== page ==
Hench by Natalie Zina Walschots 📚

It has been difficult for me to sit down and read a book lately, despite reading being the best way for me to escape stress and depression, to spend some time in a different world detached from the travails of so-called “real life.” The global pandemic, the ongoing attempts by racist, authoritarian extremists to destroy democracy, the acceleration of human caused climate change, the replacement of traditional media and journalism by highly biased algorithm based social feeds, all of these forces and more make any escape from doomscrolling seem all but impossible.

Recently the only way for me to make that escape is to have the secondary world of the novel be even worse than the one we currently inhabit, which Hench provides in spades. We meet our first person protagonist Anna working as a lowly temp henchman for a cut rate villain under constant threat from costumed superhumans, in effect a red shirt of the criminal world. In common with recent treatments on the small screen (such as The Boys on Amazon Prime or Watchmen on HBO Max, each based on earlier comic series) we quickly learn that the real monsters are the “heroes” themselves, who appear suddenly, wreak destruction on the henches, and vanish again, often leaving extensive collateral damage. The matter-of-fact way in which the narrator tosses off brief references to the names and abilities of these superhumans makes it clear that they are the ultimate media celebrities, supported by a vast government bureaucracy and lauded by the public at large.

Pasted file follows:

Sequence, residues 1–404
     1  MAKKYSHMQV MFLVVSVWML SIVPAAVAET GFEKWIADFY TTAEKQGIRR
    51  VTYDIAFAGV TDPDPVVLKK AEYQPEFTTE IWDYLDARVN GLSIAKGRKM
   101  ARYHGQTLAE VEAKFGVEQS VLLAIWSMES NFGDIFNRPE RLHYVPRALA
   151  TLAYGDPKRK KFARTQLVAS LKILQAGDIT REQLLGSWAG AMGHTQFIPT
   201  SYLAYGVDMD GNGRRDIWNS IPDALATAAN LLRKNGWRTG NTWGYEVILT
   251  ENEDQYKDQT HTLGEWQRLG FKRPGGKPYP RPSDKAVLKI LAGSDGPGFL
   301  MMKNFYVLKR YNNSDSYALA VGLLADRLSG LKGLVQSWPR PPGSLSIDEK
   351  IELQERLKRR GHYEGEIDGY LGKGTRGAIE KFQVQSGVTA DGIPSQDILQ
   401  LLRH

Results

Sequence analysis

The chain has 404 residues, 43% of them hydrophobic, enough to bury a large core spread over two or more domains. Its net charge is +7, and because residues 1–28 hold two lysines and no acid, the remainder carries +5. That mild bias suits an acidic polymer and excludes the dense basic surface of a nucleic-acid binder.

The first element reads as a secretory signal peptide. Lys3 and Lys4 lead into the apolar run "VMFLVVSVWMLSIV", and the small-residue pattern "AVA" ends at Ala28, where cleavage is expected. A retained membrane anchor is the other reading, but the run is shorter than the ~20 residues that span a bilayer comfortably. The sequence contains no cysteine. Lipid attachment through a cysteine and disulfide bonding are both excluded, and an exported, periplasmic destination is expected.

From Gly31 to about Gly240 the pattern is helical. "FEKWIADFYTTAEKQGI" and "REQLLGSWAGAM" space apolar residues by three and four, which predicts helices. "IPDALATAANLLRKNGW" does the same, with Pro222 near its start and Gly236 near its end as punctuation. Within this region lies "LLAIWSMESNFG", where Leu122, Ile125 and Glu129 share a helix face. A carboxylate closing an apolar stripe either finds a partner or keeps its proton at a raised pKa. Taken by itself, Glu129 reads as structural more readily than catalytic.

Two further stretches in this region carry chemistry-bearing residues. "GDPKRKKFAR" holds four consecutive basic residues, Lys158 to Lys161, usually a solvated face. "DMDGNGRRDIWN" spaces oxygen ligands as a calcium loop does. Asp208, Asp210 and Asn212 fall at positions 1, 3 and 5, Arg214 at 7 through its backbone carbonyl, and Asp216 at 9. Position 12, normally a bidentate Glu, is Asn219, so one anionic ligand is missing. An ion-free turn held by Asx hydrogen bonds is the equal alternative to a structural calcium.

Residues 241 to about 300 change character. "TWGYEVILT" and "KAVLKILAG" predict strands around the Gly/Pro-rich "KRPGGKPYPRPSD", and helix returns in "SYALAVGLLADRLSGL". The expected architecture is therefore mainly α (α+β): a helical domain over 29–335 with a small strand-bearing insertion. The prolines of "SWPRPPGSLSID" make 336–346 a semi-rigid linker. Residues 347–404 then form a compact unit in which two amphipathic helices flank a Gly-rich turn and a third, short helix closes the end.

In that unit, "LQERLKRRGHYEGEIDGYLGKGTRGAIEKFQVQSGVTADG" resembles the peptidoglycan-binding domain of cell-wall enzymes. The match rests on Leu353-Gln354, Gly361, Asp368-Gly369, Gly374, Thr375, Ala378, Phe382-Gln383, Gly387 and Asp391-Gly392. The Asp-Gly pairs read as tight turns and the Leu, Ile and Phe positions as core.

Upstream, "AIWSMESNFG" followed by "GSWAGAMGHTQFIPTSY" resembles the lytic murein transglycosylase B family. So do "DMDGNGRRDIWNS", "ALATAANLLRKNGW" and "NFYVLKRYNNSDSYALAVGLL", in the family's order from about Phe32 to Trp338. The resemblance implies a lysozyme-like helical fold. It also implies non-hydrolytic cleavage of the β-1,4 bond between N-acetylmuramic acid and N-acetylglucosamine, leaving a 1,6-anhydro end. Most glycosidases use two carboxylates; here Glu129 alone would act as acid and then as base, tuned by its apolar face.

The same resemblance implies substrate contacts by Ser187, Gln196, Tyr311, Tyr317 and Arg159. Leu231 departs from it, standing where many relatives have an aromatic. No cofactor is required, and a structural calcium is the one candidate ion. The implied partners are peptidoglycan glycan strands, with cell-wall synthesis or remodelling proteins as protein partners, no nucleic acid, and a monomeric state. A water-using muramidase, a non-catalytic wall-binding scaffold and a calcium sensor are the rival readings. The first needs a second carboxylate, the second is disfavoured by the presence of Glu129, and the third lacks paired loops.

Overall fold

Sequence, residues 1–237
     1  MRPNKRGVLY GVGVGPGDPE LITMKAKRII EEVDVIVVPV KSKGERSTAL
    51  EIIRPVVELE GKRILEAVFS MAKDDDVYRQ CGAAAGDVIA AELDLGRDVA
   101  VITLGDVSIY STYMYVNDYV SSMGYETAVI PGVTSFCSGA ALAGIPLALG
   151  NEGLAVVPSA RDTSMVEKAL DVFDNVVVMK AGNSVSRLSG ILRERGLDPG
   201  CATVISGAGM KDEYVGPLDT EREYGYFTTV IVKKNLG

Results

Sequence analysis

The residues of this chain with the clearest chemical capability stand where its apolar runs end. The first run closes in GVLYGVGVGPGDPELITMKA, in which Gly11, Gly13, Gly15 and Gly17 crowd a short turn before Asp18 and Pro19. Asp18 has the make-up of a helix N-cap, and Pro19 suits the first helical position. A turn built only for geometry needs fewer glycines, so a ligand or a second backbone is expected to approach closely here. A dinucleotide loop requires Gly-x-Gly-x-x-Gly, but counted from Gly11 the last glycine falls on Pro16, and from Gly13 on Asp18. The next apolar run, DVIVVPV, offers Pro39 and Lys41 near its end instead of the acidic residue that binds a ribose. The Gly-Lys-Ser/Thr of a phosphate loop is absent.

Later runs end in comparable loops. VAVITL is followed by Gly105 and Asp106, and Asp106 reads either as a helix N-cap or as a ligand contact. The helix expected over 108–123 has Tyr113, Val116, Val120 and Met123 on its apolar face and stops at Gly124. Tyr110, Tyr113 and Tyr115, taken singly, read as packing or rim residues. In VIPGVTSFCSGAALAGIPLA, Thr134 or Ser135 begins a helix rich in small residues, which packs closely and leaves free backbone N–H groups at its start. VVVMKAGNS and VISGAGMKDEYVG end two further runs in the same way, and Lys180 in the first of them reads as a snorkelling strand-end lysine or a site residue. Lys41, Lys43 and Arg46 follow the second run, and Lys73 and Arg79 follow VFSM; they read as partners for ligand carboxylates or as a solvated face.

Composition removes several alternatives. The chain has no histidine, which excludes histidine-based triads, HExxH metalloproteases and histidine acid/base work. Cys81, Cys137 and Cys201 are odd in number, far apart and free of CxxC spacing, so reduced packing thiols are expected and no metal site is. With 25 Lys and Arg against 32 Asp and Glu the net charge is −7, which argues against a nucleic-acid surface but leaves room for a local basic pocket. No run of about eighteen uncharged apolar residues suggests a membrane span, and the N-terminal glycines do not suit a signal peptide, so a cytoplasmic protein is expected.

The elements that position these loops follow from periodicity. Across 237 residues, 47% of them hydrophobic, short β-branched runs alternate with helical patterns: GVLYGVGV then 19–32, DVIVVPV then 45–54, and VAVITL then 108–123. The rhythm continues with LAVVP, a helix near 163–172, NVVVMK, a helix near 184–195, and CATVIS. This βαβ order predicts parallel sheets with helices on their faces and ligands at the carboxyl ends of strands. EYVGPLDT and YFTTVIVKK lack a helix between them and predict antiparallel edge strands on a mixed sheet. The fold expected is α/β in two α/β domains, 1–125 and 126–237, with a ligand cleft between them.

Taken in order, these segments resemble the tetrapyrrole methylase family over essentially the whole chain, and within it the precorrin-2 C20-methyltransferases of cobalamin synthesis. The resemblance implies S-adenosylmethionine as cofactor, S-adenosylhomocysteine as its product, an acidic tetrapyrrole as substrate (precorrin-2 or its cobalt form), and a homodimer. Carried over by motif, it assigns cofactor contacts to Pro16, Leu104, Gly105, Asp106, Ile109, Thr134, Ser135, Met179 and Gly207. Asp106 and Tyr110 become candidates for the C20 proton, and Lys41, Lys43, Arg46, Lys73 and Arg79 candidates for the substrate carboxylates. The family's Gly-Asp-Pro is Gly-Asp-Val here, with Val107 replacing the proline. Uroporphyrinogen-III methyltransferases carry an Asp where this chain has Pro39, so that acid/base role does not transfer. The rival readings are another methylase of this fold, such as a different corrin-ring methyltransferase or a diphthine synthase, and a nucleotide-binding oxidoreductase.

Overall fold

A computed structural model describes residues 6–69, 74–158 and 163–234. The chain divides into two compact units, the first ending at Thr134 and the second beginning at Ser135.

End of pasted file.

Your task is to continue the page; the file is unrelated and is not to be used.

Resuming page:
Anna has fallen into her life of crime as a result of desperate economic circumstances, but after an encounter with a super where she survives a glancing blow with “only” a shattered femur she discovers that her true talent lies in data analysis, and in particular determining the effects of those super powers both in lives and property. In short order she is using her talent for pattern recognition as part of a team under the direction of a major supervillain in an attempt to limit that damage by any means necessary. The story manages the moral inversion with aplomb, using Anna’s words and experiences to present a sympathetic view of villainy, and making the fight against government sanctioned heroes a logical necessity.

Along the way terrible things happen, both to Anna and to several of her costumed adversaries, and the action becomes frenetic at times as the stakes are raised and situations become increasingly desperate. And yet each set piece flows naturally from the one before, and the comic book revelations make sense within the strange and complex world. Many loose ends are tied up by the end, but not all…there is plenty of room left for a sequel.

Highly recommended.

Book cover for Hench by Natalie Zina Walschots, a red silhouette of a person wearing a dress and casting a shadow with a cape.